I recently came across this article in the Deseret News on how wonderfully well the state and local governments are flourishing, economically speaking. While this is generally not the news throughout the country (many state and local governments are, in fact, struggling financially), this certainly has a bad flipside that’s not really covered in the article. This is one that Henry Hazlitt brought up continually in his masterful and recommended book, Economics in One Lesson.
It is this: there are things seen and things unseen. We see the visible benefits that our invested taxdollars have created: we see the jobs, the military equipment, the schools, the public works projects, etc. We do not see what could have (and would have) been made had these taxes not been levied in the first place. In other words, we do not see the alternate uses for the money which the government has appropriated. Those items do not exist, and may not have even been conceived.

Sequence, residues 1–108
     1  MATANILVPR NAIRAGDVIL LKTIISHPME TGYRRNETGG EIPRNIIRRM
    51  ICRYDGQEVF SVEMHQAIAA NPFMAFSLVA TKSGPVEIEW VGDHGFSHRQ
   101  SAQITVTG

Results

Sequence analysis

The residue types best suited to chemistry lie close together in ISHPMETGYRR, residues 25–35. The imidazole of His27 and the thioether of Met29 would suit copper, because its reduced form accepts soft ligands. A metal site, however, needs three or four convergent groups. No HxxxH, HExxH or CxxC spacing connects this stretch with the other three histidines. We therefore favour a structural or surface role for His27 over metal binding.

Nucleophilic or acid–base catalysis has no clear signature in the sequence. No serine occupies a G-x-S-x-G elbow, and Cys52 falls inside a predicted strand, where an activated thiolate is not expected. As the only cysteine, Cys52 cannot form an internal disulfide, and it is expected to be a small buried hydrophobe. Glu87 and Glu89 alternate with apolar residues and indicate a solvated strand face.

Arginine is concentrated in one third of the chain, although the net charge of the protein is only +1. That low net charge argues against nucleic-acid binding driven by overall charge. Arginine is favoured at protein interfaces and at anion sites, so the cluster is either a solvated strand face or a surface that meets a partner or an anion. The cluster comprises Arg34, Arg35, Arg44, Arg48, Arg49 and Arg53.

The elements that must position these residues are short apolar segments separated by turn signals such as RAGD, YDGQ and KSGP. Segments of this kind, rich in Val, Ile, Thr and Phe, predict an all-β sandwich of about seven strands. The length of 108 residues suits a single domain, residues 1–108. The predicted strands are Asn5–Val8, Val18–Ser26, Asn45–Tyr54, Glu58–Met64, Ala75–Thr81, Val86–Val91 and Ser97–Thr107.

While yes, it’s true, that government spending can create jobs, it’s also true that prisons do a good job of providing full employment (occupying all bodies), and it’s also true that the market, if let to itself, will use capital much more efficiently and humanely (meaning voluntarily).